How to Drive on the Wrong Side of the Road

Driving on the “wrong” side of the road is disorienting and anxiety-provoking for anyone, no matter how confident of a driver they are. On a recent trip to Scotland, I wanted to experience parts of the country only accessible by car (or bus), and since I prefer more freedom than a group tour allows, I didn’t have much choice but to rent a car and drive myself around. Depending on where you are from, the “wrong” side of the road may be the left side or the right side, but either way, there are some things you can do to maximize the pleasure of driving in another country.


1. Learn the Basics

Wouldn’t it be nice if there were universal traffic signs and symbols? Unfortunately, there aren’t, so it is worth spending at least a few minutes learning the basic signs, symbols and markings in the country you will be driving in. You can’t assume symbols mean the same thing in another country as they do in your home country.

For example, a dashed white line in the U.S. divides two lanes of traffic going the same direction, while in the UK, it divides two lanes going in the OPPOSITE direction. Mistaking these could be disastrous.

Also, in the UK, you may see a flashing amber traffic light between a red light and a green light, which means that if there are no pedestrians in the crosswalk, you can go. It’s not dangerous to wait for the green, but it’s considerate to the drivers around you to know the rules and drive like a local as much as possible!

While driving in Scotland, I kept seeing a sign the read “Changed Priorities Ahead.” I couldn’t even fathom what this meant so I had to look it up – it turned out to be something about the right of way changing recently to alert drivers follow the new directions. This reminded me how different our signs can be from country to country. Just a little bit of online research before your trip can help you to know what to expect in terms of signs and symbols, so you have one fewer thing to worry about when driving in a new place.

Keep in mind different localities may have its own set of rules, as well. In New York City, you can’t turn right on red, while in California, you can.



2. Let YouTube Be Your Driving Instructor

Whatever country you are traveling to, there are probably YouTube videos demonstrating basic driving scenarios that are unique to that country. I’m a visual learner, so I needed to see what driving on the left side of the road looked like before I felt comfortable trying it myself.

Watch lots of videos, especially if the country you are going to loves their roundabouts and you don’t have much experience with them. I watched so many videos about roundabouts before my trip to Scotland since I knew I’d be doing quite a bit of driving all over the country. Reading rules and instructions wouldn’t have helped – I needed to see real life examples of different types of roundabouts and realistic traffic scenarios. It is more confusing than you might thing, and in real life it happens very quickly because people are in a hurry, just like you are on your daily commute at home! I watched the videos (like this one) over and over until I felt comfortable that I understood the procedure, so I could be as safe and considerate of a driver as possible.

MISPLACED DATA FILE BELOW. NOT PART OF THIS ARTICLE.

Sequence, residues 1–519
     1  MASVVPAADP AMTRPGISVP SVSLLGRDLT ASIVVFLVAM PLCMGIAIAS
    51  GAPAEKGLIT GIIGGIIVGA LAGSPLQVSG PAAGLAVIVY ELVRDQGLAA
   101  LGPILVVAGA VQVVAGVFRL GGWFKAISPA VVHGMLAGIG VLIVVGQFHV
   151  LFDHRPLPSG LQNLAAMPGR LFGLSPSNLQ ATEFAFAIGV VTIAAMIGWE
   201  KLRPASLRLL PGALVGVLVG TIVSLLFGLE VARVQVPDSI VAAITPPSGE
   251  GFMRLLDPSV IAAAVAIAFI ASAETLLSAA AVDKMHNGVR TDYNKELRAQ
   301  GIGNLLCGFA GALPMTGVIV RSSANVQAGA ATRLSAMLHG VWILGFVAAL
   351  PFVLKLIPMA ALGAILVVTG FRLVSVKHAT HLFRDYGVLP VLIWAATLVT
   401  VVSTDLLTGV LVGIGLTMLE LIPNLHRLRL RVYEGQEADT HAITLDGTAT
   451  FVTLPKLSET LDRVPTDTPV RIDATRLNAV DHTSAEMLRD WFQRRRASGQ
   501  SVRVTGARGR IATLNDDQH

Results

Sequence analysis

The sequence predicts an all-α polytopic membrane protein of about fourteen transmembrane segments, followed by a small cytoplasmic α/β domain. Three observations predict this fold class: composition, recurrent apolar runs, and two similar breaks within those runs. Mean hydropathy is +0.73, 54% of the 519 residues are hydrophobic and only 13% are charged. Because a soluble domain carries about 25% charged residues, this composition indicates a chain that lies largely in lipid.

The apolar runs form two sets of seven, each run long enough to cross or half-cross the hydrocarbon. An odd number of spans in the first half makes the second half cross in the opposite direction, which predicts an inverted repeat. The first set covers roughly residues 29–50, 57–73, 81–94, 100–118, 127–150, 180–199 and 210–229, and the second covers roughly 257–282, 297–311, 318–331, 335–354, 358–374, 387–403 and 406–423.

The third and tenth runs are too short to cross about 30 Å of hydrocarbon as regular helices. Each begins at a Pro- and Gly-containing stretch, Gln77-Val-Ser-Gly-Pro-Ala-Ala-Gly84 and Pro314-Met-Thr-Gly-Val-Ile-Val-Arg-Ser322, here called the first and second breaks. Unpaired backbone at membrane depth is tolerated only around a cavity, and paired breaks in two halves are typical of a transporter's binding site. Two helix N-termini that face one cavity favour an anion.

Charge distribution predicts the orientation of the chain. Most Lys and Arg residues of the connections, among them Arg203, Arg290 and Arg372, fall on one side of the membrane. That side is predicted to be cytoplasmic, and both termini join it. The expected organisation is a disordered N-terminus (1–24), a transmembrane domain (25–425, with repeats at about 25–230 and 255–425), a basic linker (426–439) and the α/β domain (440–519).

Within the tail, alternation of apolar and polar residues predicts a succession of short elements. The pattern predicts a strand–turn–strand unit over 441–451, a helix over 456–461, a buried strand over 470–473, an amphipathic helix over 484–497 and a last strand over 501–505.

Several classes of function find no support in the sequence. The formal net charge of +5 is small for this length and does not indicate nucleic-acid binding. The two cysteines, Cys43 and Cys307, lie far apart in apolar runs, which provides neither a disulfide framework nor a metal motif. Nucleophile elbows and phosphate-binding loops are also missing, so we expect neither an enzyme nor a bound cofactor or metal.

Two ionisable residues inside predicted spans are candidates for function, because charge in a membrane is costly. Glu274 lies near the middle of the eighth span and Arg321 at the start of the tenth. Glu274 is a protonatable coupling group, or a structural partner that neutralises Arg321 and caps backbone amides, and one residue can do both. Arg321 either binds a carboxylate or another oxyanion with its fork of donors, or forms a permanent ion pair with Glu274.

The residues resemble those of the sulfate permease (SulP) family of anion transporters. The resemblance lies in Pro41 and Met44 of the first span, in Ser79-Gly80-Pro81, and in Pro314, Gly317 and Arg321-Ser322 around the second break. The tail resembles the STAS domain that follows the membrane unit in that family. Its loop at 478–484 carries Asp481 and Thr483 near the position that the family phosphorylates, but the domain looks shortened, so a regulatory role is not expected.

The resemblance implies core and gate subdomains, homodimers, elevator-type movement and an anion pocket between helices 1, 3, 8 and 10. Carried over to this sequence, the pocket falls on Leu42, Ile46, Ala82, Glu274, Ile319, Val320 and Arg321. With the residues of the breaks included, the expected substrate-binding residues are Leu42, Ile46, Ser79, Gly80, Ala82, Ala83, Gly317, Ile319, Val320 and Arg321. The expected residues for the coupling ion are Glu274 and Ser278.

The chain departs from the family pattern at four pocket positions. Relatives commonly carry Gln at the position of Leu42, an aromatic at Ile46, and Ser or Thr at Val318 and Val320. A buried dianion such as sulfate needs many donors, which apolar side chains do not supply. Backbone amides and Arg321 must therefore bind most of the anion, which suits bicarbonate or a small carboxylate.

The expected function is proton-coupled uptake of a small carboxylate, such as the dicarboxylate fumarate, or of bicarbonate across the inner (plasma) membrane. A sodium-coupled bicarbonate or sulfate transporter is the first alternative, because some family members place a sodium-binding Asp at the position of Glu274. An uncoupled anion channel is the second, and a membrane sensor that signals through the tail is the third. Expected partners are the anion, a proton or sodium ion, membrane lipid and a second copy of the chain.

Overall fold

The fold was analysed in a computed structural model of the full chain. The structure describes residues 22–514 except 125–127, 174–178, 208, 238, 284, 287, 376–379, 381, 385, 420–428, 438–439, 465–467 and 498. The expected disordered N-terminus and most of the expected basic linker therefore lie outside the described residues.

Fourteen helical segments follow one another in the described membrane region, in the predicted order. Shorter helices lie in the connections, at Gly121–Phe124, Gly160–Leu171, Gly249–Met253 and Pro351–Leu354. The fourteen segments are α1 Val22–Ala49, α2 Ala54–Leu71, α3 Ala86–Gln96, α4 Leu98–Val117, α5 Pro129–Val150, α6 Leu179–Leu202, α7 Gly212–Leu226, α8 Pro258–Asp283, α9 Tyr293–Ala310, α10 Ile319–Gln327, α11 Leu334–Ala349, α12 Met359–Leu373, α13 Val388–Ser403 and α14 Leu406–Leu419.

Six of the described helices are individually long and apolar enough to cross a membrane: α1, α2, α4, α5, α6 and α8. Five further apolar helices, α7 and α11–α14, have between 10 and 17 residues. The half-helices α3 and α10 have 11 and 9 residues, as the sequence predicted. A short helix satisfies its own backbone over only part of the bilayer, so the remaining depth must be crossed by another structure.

3. Splurge on the GPS in the Rental Car

Even if you have a smart phone with maps and the most powerful portable wifi, there are times when that rental car’s GPS system will save you. Like when I was driving in Scotland and the main route was shut down due to construction, and the GPS wouldn’t re-route us because it didn’t know that the road was closed, and the smart phone’s map wasn’t updating because we were in the middle of nowhere with no wifi service, but because the car’s GPS map was still visible, we were able to figure out an alternate route. Without the car’s GPS map, we probably would have backtracked about 30 miles to the last turn-off and hoped the GPS would re-route instead of saying “make a U-turn” to send us back toward the closed road, which would have been so frustrating.



4. Book Your Rental Car Pick-Up and Drop-Off Points Strategically

First of all, don’t rent a car in a city that has ample public transportation or is walkable. You will save yourself (and all of the locals) a lot of headache, not to mention parking fees. When picking up a car to continue on your travels outside of the city, map out all of the rental car locations in the city and select the place that has easiest access to the highway with minimal driving in the city. Even if you have to take a longer bus/train/taxi ride to the rental location from your hotel, it is worth not having to drive through the center of town, especially if it’s your first time behind the wheel on the “wrong” side of the car!



5. Ask the Rental Car Agent for Advice

Your rental car agent has probably heard every horror story about foreigners driving on their roads, so before I was handed the keys to my ride for the next week around the Scottish countryside, I asked the agent for any last minute tips for a first time driver on the left hand side of the road. In her sweet Scottish accent, she told me to just keep thinking “left” at any turn or roundabout, and also to try to follow the cars around me. Then, she told me I’d be just fine. With that final bit of encouragement, I set off through the green hills of Scotland chanting “left left left” (and my own addition of “watch out for sheep”).


Driving can be the best way to experience parts of a country – to have the freedom to stop on a whim, explore without a schedule, and wander down side roads because something caught your eye. You will probably be surprised how driving on the wrong side of the road begins to feel natural within a few days, and when you return home, you may even have to stop to think about which side of the car to get into to drive!